All this, of course, is contrary to a fairy tale cherished by a town which specializes in such, going something like this: Demure Jean Simmons is a beautiful damsel in distress, held in durance vile by a tyrannical ogre named Stewart Granger in a sort of Bluebeard’s Castle high in the Bel-Air hills. Throughout the past two years a great many things have conspired to kick this fascinating fable along. But maybe right now is as good a time as any to kick it straight out the door.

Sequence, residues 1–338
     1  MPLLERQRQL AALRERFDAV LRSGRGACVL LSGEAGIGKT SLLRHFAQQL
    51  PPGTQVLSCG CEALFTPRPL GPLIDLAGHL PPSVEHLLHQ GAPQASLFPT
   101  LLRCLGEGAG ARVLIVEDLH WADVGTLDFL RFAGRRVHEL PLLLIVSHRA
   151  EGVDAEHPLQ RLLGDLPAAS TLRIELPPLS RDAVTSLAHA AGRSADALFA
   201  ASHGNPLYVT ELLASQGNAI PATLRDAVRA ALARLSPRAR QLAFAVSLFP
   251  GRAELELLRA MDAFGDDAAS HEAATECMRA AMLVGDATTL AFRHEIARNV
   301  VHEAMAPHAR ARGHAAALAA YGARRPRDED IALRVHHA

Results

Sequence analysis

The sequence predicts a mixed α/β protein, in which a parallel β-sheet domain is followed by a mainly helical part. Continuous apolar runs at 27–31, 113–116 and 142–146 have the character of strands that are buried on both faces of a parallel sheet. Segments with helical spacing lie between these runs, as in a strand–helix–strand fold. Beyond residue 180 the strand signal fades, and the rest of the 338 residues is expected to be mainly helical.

Stewart Granger is no ogre, but a most: attractive and fascinating man, deeply in love with his wife who, in her way, runs him as much as he runs her. Their house is no Bluebeard’s Castle, but a beautiful Italian-style villa, too big for two, so they’ve moved to a smaller one. As for Jean Simmons, she is indeed a beautiful damsel, but not necessarily demure and certainly in no distress. She’s crazy about her husband and, at long last, about her Hollywood career. In fact, Jack Dempsey had something there about those misdirected boxing gloves. Until lately the big punch in the Granger family has been swashbuckling Stewart while Jean, due to a protracted series of studio hassles, has ‘remained under wraps without one released picture to her name. But 1953 is her year, and she’s coming out slugging.